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California’s COVID-19 efforts fare better than national average, but hospitalizations are rising

A trained volunteer collects a blood sample
A trained volunteer collects a blood sample from a participant in a recent COVID-19 antibody study in Orange County.
(Carlos Puma for UCI Health)

As states throughout the country experience severe spikes in coronavirus infections, California’s case count remains mild by comparison. But as transmission and hospitalizations again increase, officials are returning to a cautionary refrain.

“The future is indeed uncertain,” Health and Human Services Secretary Mark Ghaly said Wednesday. “There’s still learning to be done, and we know this requires us to remain vigilant.”

The statewide number of hospitalizations increased by 13.5% over the past 14 days, and the number of patients in intensive care has grown by nearly 20%.

Hospitalizations are a lagging indicator for the spread of the virus. The rise follows an increase in the statewide positivity rate for infections, which grew from 2.6% to 3.3% over the past 14 days. The metric is low when compared to the national average of 6.7%, but even a slight uptick can reverse progress.

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Two counties moved backward in the state’s tiered system Wednesday as Ghaly announced 5,338 new coronavirus cases. Shasta regressed to Tier 1 as case counts have continued to rise, and Plumas has moved back to Tier 3 following a similar spike. Colusa County was the only one to move forward from Tier 2 to Tier 3 for moderate risk of spread. San Diego appears headed back to Tier 1 as well.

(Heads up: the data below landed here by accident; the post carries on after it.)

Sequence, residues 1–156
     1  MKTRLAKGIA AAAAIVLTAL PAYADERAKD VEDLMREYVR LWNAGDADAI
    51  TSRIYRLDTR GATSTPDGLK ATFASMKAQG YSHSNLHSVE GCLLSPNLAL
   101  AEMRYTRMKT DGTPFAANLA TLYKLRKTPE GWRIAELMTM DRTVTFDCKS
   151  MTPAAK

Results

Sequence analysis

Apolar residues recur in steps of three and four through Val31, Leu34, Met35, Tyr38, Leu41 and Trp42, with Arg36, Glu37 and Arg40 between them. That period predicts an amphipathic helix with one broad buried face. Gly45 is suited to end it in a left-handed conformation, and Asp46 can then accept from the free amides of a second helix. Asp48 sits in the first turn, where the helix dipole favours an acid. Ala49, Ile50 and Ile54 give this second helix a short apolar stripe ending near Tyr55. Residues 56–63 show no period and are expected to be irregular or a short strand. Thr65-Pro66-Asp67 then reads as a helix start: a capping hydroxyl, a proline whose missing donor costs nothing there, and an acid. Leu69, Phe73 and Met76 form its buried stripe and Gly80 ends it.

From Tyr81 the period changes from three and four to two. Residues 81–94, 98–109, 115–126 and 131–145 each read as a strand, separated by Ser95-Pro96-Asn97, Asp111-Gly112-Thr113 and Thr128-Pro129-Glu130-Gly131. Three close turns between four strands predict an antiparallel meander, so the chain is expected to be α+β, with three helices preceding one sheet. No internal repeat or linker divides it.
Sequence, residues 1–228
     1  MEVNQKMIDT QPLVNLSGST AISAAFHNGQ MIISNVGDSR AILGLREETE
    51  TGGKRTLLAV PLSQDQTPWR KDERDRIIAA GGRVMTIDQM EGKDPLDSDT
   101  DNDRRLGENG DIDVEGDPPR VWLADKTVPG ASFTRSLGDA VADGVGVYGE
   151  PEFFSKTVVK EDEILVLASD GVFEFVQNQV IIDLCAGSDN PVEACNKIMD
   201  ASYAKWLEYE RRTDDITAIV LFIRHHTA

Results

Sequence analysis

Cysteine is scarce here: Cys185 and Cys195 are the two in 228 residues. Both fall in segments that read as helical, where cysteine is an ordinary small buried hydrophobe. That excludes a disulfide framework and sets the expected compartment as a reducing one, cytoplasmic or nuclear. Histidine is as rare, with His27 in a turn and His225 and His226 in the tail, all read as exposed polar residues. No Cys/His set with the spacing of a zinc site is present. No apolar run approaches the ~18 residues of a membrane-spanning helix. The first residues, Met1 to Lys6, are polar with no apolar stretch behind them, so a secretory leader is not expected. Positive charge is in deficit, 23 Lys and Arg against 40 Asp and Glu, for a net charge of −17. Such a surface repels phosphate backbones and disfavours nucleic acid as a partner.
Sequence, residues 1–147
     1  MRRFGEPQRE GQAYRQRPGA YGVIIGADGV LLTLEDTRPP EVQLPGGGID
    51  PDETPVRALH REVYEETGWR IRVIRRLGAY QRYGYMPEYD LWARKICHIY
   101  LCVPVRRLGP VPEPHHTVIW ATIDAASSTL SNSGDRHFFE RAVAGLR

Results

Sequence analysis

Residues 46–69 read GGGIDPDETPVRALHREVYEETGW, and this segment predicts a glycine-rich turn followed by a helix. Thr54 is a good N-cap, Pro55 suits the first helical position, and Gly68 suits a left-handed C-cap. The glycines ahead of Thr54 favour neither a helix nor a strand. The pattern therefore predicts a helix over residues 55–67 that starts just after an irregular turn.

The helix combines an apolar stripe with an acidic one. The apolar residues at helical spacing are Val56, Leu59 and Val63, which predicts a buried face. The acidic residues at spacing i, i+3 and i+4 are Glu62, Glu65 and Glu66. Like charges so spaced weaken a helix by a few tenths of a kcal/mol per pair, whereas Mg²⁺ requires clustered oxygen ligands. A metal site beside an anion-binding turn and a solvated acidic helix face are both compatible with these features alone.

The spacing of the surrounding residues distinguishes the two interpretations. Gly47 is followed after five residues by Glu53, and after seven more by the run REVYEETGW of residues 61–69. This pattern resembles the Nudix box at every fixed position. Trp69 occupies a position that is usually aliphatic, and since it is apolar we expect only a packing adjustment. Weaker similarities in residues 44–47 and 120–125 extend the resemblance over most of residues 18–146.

In Los Angeles County, officials on Wednesday reported the highest single daily case count unrelated to a backlog since late August. The county, which has a lower positivity rate of 4.1% but has remained mired in Tier 1 because of a high case count, confirmed 1,843 new cases and 22 additional deaths.

The projected transmission rate has again surpassed 1.0 in L.A. County. That means the number of people who could contract the virus from one infected person is likely rising.

It’s estimated that one in 670 residents are currently infected with the virus, the county’s Health Services Department reported Wednesday. Last week, that estimate was one in 1,000.

On Monday, officials reported that the county’s seven-day average increased from about 940 new cases a day in early October to more than 1,275 as of last week.

“Our cases are, at best, stabilizing at a high number,” Public Health Director Barbara Ferrer said. “At worst, they’re going to go up.”

Officials have said that private gatherings contributed greatly to the state’s increase in cases. But Ghaly warned Wednesday against trying to pinpoint the origin of spread to one specific instance, be it gathering of friends and families or public demonstrations.

“There’s always concern when we have random large-scale mixing,” Ghaly said. “But we always hope that through our choices, and the way that we do things — not just what we do, but how we do it — we can reduce some of that transmission risk and, ultimately, transmission overall.”


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